The Ear in the Wall HTML version
12. The "Portrait Parle"
What it was that Clare Kendall had on her mind, appeared the following day.
"There's something I want to try," she volunteered, evidently unable to repress it any
longer. "I have a plan--or half a plan. Don't you think it would be just the thing, under the
circumstances, to ring up District Attorney Carton, tell him what we have accomplished
and take him into our confidence? Perhaps he can suggest something. At any rate we
have all got to work together, for there is going to be a great fight when they find out how
far we have gone."
"Bully idea," agreed Craig.
Twenty minutes later we were seated in the District Attorney's office in the Criminal
Courts Building, pouring into his sympathetic ear the story of our progress so far.
Carton seemed to be delighted, as Kennedy proceeded to outline the case, at the fact that
he and Miss Kendall had found it possible to co-operate. His own experience in trying to
get others to work with the District Attorney's office, particularly the police, had been
quite the reverse.
"I wish to heaven you could get the right kind of evidence against the Montmartre gang,"
he sighed. "It is a gang, too--a high-class gang. In fact--well, it must be done. That place
is a blot on the city. The police never have really tried to get anything on it. Miss Kendall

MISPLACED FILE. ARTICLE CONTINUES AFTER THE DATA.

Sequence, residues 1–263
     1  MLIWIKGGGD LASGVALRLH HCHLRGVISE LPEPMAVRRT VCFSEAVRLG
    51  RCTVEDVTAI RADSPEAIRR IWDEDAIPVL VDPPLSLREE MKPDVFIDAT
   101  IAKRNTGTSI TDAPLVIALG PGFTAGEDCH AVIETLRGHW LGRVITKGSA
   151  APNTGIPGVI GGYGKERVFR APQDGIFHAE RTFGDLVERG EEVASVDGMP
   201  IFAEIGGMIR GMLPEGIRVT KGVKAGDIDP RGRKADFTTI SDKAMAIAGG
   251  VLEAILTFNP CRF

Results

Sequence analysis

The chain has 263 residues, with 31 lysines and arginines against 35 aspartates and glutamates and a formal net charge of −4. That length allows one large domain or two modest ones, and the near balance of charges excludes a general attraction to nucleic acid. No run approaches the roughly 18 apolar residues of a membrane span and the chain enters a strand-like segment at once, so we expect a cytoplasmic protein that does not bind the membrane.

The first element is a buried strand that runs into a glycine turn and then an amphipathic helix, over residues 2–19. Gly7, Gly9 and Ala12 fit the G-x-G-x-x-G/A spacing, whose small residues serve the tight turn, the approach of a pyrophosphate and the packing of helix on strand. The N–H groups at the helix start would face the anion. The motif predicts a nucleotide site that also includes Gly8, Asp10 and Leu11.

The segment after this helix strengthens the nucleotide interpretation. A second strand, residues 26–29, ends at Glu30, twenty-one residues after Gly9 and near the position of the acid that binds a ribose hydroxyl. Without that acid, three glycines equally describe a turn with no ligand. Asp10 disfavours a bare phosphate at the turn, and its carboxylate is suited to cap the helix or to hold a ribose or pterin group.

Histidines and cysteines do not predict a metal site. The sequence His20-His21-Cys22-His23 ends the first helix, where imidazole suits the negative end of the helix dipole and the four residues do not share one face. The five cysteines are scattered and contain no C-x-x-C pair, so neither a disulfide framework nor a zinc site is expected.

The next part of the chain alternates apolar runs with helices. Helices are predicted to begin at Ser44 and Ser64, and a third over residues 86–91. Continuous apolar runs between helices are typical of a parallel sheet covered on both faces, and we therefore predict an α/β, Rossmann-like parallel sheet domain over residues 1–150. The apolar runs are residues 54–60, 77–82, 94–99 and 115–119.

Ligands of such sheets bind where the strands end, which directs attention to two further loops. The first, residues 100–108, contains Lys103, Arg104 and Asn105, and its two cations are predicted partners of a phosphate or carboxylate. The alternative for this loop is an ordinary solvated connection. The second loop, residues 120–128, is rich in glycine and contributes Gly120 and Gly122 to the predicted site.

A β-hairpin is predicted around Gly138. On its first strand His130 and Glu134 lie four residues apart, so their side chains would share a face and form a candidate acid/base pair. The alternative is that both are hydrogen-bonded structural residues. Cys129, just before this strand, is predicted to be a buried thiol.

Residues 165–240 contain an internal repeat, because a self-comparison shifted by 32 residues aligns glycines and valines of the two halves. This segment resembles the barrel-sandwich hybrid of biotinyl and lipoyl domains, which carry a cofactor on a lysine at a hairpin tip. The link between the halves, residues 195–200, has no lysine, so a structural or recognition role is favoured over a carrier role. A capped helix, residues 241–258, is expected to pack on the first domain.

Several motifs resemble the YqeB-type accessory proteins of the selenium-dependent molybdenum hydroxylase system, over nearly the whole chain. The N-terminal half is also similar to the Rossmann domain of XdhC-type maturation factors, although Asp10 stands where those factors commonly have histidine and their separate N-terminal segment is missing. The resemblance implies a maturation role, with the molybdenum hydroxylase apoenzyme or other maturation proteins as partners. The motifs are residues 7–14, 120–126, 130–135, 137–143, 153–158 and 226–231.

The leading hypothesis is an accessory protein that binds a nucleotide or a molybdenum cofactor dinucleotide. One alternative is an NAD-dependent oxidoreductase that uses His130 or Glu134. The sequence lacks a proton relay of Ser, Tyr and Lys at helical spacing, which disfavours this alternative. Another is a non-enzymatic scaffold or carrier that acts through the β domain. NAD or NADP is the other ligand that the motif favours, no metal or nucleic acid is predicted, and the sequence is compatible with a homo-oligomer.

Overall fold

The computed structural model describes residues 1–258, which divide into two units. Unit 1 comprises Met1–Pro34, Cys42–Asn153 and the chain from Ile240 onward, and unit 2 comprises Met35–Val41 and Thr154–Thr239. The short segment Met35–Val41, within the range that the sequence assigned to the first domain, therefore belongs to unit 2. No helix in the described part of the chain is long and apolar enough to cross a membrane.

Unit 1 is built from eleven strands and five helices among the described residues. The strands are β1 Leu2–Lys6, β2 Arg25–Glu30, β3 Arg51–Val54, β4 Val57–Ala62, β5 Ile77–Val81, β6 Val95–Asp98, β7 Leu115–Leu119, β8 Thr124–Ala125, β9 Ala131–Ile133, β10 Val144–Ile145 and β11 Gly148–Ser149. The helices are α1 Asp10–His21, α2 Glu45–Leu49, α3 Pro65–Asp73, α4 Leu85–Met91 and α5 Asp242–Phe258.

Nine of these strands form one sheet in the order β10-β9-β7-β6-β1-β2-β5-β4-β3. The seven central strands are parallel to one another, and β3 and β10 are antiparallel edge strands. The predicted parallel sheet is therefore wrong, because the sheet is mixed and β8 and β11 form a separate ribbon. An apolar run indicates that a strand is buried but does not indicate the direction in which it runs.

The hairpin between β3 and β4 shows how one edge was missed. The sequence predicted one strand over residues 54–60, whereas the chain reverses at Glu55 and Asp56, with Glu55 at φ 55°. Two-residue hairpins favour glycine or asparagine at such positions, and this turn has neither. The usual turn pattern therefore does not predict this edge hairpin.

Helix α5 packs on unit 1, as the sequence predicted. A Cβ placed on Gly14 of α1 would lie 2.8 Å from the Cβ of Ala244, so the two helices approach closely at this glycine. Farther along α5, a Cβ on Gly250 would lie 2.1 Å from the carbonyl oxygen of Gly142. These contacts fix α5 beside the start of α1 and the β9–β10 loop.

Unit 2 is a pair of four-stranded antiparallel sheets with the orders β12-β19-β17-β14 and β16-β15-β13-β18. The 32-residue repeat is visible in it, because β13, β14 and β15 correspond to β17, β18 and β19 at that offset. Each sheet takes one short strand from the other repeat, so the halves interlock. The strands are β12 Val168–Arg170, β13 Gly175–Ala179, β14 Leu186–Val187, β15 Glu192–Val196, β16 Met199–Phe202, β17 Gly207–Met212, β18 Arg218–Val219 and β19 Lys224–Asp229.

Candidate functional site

never could, could you? I admit I never have. It seems to be understood that it is
practically impossible to prove anything against it. They openly defy us. The thing can't
go on. It demoralizes all our other work. Just one good blow at the Montmartre and we
could drive every one of these vile crooks to cover." He brought his fist down with a thud
on the desk, swung around in his chair, and emphasized his words with his forefinger.
"And yet, I know as well as I know that you are all in this room that graft is being paid to
the police and the politicians by that place and in fact by all those places along there. If
we are to do anything with them, that must be proved. That is the first step and I'm glad
the whole thing hinges on the Blackwell case. People always sit up and take notice when
there is something personal involved, some human interest which even the newspapers
can see. That Montmartre crowd, whoever they are, must be made to feel the strong arm
of the law. That's what I am in this office to do. Now, Kennedy, there must be some way
to catch those crooks with the goods."
"They aren't ordinary crooks, you know," ruminated Kennedy.
"I know they are not. But you and Miss Kendall and Jameson ought to be able to think
out a scheme."